Study shows Capella Therapeutics experimental compound accumulates in the brain and inhibits growth of metastatic non-small cell lung cancer
San Diego (Jan. 6) – Research presented at the 4th American Association for Cancer Research (AACR) – International Association for the Study of Lung Cancer (IASLC) International Joint Conference: Lung Cancer Translational Science from the Bench to Clinic shows that an epidermal growth factor receptor inhibitor being developed by Capella Therapeutics Inc. accumulates in the brain and inhibits the growth of metastatic non-small cell lung cancer.
“When tested in several orthotopic brain models in mouse utilizing IVIS technology, compound LL-067 significantly reduced the size of the brain tumor within one week of treatment.” said Nicholas Cacalano, M.D., University of California Los Angeles David Geffen School of Medicine. Dr. Cacalano is scheduled to present information about the research at 8:00 a.m. Thursday, during the conference at the Hard Rock Hotel in downtown San Diego. Capella Therapeutics also presented a poster about the research at the conference. The research, funded by Capella Therapeutics Inc., was conducted at University of California San Diego Moores Cancer Center and UCLA’s Geffen School of Medicine.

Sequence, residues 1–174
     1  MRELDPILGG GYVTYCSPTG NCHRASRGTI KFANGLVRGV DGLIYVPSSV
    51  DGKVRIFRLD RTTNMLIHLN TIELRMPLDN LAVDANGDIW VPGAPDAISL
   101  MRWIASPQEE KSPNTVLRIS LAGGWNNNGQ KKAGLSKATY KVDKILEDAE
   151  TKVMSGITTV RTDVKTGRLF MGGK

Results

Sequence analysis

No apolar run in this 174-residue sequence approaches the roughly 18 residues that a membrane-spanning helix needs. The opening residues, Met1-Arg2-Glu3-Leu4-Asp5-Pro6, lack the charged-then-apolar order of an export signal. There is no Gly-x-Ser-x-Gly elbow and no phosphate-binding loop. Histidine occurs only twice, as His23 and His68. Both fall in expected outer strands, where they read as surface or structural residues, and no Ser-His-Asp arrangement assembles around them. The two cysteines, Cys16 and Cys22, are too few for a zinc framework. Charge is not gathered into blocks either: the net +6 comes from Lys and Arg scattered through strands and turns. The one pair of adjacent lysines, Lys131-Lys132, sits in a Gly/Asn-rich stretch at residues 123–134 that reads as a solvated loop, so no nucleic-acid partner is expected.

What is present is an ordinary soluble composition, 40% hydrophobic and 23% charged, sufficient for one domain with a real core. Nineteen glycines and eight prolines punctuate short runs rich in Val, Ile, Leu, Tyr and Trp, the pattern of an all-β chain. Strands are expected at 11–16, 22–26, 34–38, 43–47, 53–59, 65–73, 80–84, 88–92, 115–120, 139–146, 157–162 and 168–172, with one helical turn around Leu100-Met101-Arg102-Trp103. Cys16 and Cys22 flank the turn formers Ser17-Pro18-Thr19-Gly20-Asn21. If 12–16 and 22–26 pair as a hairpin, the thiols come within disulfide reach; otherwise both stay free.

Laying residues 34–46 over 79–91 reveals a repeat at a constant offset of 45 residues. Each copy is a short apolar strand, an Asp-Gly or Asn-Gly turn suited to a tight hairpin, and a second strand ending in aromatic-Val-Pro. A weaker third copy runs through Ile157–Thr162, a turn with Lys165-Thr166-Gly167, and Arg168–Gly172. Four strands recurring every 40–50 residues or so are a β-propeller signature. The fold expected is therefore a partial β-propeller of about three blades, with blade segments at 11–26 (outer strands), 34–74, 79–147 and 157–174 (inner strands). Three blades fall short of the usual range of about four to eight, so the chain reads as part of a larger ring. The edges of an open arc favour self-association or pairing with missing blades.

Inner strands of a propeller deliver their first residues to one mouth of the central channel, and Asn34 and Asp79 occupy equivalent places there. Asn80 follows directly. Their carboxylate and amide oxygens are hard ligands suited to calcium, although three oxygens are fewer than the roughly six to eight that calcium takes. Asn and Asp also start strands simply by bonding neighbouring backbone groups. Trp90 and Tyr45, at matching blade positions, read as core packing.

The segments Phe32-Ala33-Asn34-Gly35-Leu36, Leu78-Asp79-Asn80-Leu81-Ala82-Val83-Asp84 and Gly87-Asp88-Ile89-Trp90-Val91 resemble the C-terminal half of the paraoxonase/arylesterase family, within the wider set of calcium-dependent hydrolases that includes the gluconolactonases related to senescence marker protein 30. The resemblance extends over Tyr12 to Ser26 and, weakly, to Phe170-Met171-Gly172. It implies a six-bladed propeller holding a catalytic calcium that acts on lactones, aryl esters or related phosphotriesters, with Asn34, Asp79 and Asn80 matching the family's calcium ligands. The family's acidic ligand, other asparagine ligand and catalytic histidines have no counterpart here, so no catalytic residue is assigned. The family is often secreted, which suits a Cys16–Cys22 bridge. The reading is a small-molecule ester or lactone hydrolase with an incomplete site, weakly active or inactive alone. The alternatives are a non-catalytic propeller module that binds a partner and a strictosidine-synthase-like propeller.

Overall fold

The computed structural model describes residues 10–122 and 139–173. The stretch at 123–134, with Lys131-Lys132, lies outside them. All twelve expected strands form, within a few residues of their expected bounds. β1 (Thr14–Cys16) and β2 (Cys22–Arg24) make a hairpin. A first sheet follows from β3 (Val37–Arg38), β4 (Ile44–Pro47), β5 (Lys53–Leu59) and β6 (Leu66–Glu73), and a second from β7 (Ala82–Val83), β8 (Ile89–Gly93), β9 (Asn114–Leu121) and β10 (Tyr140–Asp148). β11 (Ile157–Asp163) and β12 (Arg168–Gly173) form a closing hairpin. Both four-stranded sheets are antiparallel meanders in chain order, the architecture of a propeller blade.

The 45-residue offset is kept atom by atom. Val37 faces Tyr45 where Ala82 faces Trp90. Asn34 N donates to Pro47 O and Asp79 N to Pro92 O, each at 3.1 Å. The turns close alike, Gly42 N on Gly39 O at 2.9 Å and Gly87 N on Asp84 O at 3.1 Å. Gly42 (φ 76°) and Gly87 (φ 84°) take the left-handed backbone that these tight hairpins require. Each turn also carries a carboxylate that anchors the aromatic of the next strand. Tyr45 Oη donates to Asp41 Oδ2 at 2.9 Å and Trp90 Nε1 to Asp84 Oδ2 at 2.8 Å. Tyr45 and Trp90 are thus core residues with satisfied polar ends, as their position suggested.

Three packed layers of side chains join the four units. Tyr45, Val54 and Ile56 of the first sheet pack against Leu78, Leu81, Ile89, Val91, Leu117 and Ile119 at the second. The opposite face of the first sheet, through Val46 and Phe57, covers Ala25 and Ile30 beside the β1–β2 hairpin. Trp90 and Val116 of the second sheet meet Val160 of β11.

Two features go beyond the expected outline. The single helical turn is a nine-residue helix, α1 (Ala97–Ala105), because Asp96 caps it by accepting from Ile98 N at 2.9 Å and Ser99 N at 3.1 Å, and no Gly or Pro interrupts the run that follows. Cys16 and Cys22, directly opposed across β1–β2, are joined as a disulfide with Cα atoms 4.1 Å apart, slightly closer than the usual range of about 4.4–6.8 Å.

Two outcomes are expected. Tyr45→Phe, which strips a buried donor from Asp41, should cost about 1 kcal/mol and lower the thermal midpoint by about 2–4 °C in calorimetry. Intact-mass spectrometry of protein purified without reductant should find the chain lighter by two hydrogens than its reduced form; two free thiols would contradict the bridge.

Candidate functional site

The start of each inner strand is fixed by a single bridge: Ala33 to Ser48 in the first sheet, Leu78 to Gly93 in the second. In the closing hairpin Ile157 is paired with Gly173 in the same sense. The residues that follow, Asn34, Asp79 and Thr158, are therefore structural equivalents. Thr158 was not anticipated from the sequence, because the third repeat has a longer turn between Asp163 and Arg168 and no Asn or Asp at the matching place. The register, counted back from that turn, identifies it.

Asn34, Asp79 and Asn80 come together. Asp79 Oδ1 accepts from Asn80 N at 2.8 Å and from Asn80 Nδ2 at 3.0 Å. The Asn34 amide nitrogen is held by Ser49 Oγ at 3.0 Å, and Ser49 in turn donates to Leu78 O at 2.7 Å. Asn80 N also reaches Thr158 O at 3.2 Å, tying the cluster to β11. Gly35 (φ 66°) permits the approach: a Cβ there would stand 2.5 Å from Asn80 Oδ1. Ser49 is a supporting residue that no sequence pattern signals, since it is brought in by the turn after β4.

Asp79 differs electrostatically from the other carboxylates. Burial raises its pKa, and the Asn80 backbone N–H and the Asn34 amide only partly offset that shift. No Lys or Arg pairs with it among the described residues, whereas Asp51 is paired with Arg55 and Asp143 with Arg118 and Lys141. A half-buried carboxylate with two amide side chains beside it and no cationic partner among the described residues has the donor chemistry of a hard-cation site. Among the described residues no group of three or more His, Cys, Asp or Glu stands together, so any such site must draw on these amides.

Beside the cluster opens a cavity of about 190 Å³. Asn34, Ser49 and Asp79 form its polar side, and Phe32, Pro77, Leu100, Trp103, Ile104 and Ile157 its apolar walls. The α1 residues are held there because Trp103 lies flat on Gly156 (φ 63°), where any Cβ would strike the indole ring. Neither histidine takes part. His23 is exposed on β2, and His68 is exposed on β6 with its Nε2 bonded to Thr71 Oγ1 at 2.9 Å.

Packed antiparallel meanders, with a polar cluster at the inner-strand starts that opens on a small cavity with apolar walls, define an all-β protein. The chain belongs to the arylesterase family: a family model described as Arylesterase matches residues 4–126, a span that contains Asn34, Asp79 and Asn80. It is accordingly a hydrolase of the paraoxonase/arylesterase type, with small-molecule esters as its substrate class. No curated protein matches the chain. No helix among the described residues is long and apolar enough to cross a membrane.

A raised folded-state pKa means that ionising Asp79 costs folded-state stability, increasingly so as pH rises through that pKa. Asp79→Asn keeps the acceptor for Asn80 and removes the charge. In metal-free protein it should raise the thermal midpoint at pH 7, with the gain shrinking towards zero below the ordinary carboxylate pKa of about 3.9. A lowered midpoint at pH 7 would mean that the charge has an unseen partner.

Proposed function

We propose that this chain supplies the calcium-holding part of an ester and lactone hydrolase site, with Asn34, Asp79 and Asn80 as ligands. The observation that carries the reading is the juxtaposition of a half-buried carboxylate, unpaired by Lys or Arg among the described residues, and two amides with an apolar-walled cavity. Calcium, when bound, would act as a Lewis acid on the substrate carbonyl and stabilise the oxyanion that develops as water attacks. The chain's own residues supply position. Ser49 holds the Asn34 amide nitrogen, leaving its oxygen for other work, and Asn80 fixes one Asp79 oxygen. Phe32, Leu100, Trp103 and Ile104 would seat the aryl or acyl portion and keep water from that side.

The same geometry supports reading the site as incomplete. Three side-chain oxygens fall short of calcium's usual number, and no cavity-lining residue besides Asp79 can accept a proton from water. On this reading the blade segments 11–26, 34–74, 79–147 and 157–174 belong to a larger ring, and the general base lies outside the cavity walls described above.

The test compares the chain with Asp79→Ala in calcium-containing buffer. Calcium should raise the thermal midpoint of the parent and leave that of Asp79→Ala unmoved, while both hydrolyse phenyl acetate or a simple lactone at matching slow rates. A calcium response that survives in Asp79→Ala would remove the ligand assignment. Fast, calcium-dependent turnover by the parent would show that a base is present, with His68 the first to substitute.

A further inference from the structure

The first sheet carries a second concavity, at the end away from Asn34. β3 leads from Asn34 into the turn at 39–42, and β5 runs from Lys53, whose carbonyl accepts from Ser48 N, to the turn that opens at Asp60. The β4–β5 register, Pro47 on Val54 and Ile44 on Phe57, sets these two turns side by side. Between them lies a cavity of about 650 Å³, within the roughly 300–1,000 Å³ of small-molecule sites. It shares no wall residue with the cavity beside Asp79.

“This research shows that LL-067, an epidermal growth factor receptor( EGFR) inhibitor, can cross the blood-brain barrier and kill the non-small cell lung cancer in the brain,” said Yun Long, Ph.D., Capella Therapeutics’ founder. “There is a large, unmet medical need for treatment of patients whose lung cancer has metastasized into the brain. Very few compounds can gain brain access and there is no approved targeted therapy to treat EGFR-driven brain metastasis. We could potentially monopolize the treatment in this field,” Long said. The company plans to initiate clinical testing in 2016.
Lung cancer is the most deadly form of cancer in the United States and was projected to cause 158,040 deaths in 2015, or 27 percent of all cancer deaths. Lung cancer kills more people each year than colorectal, breast, and prostate cancers combined. Non-small cell lung cancer (NSCLC) is the most common type of lung cancer, or an estimated 85 percent of all diagnosed lung cancers. As many as 50 percent of NSCLC patients develop brain metastasis. Approximately 40 to 50 percent of NSCLC is due to malfunctioning of EGFR.